Bash Scripting

Resources

Here are some useful guides and cheat sheets on Bash scripting:

Variables

Declare a variable with the name of the variable, an equal sign, and then the value of the variable within double quotes. Do not insert spaces:

name="Sean"
backup="/media/"
# test it out:
echo "$name"
echo "$backup"
cd "$backup"
cd

Variables may include values that may change given some context. For example, if we want a variable to refer to today's day of week, we can use command substitution, which "allows the output of a command to replace the command name" (see man bash). Thus, the output at the time this variable is set will differ if it is set on a different day.

today="$(date +%A)"
echo "$today"

We can print the variable a number of ways. We can call it with a dollar sign and the name of the variable:

echo $today

But it's safer to wrap the variable in double quotes:

echo "$today"

A useful and safe way to print or refer to a variable, is to use the dollar sign plus the variable name and surround these in curly braces and quotations:

echo "${name}"
echo "${backup}"
echo "${today}"

The curly braces are not strictly necessary, but they offer benefits when we start to use things like array variables. See:

For example, let's look at basic brace expansion, which can be used to generate arbitrary strings:

echo {1..5}
echo {5..1}
echo {a..l}
echo {l..a}

Another example: generating two sub-directories. Start off in your home directory, and:

mkdir -p documents/{drafts,notes}

But more than that, they allow us to deal with arrays (or lists):

seasons=(winter spring summer fall)
echo "${seasons[1]}"
echo "${seasons[2]}"
echo "${seasons[-1]}"

See Parameter expansions for more advanced techniques.

Conditional Expression

We can include a list of commands on one line in Bash with a semicolon:

cd ; ls -lt

But we can use conditional expressions and apply logic with && (Logical AND) or || (Logical OR).

Here, command2 is executed if and only if command1 is successful:

command1 && command2

Here, command2 is executed if and only if command1 fails:

command1 || command2

Example:

cd documents && echo "success"
cd documents || echo "failed"
# combine them:
cd test && pwd || echo "no such directory"
mkdir test
cd test && pwd || echo "no such directory"

Shebang or Hashbang

When we start to write scripts, the first thing we add is a [shebang][shebang] at line one. We can do so a couple of ways:

##!/usr/bin/env bash

The first one should be more portable, but alternatively, you could put the direct path to Bash:

#!/usr/bin/bash

Looping

There are several looping methods Bash, including: for, while, until, and select. The for loop is often very useful.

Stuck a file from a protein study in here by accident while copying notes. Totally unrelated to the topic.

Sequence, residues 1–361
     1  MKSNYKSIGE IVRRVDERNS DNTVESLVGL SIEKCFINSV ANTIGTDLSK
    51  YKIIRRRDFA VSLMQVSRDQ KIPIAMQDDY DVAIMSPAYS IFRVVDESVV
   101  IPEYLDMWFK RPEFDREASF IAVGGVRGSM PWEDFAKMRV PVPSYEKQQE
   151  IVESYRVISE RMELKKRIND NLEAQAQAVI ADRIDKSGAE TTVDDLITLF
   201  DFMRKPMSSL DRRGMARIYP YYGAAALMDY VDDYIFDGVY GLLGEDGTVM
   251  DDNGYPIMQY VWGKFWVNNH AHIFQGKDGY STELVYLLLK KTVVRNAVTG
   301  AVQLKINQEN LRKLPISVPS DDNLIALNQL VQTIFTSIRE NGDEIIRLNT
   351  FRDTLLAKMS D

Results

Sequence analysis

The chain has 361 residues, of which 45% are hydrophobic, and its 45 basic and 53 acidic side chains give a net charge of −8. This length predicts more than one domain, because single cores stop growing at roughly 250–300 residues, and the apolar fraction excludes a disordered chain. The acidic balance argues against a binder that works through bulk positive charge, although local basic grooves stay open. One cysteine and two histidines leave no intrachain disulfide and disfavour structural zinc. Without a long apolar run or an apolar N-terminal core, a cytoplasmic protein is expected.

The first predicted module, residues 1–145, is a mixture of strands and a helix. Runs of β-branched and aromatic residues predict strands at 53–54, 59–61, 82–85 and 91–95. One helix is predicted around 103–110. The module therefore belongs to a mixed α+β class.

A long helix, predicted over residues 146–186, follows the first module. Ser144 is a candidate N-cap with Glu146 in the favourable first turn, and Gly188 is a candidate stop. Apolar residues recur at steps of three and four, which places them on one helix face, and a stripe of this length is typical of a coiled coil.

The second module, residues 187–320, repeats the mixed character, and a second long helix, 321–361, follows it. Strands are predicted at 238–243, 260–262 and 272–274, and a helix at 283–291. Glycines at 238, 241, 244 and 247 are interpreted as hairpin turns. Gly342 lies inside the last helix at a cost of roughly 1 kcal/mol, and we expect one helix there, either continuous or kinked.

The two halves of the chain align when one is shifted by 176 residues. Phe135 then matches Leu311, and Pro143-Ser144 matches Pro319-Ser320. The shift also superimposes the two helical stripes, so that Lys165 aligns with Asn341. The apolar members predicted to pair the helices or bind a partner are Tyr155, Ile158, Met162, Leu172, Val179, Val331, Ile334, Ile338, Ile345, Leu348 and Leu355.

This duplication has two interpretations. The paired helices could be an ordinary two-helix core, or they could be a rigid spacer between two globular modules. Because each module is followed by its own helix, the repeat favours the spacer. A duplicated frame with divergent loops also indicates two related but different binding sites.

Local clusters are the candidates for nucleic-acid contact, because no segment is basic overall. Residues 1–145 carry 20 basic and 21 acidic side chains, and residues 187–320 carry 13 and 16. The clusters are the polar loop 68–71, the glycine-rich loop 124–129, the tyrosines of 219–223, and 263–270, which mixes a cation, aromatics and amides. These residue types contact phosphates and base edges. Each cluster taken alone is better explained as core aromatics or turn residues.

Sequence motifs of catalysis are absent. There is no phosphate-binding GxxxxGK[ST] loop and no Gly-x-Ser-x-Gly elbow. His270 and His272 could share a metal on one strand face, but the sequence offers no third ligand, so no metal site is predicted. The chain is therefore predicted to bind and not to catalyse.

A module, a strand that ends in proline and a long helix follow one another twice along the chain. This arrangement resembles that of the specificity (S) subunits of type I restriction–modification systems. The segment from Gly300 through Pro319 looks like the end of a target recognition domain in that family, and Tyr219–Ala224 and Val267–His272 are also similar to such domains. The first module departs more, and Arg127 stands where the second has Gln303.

for i in {1..5} ; do
  echo "$i"
done

With that, we can create a rudimentary timer:

for i in {1..5} ; do
  echo "$i" ; sleep 1
done

We can loop through our seasons variable:

for i in ${seasons[@]} ; do
  echo "$i"
done

Testing

Sometimes we will want to test certain conditions. There are two parts to this, we can use if; then ; else commands, and we can also use the double square brackets: [[. There are a few ways to get documentation on these functions. See the following:

man test
help test
help [
help [[
help if

We can test integers:

if [[ 5 -ge 3 ]] ; then
  echo "true"
else
  echo "false"
fi

Reverse it to return the else statement:

if [[ 3 -ge 5 ]] ; then
  echo "true"
else
  echo "false"
fi

We can test strings:

if [[ "$HOME" = "$PWD" ]] ; then
 echo "you are home"
else
 echo "you are not home, but I will take you there"
 cd $HOME
 pwd
fi

We can test files. Let's first create a file called paper.txt and a file called paper.bak. We will add some trivial content to paper.txt but not to the second file. The following if statement will test if paper.txt has a more recent modification date, and if so, it'll back up the file with the cp and echo back its success:

if [[ "$HOME/paper.txt" -nt "$HOME/paper.bak" ]] ; then
  cp "$HOME/paper.txt" "$HOME/paper.bak" && echo "Paper is backed up."
fi

Here's a script that does prints info depending on which day of the week it is:

day1="Tue"
day2="Thu"
day3="$(date +%a)"

if [[ "$day3" = "$day1" ]] ; then
  printf "\nIf %s is %s, then class is at 9:30am.\n" "$day3" "$day1"
elif [[ "$day3" = "$day2" ]] ; then
  printf "\nIf %s is %s, then class is at 9:30am.\n" "$day3" "$day2"
else
  printf "\nThere is no class today."
fi

Summary

In this demo, we learned about:

  • creating and referring to variables
  • conditional expressions with && and ||
  • adding the shebang or hashbang at the beginning of a script
  • looping with the for statement
  • testing with the if statement

These are the basics. I'll cover more practical examples in upcoming demos, but note that mastering the basics requires understanding a lot of the commands that we have covered so far in class. So keep practicing.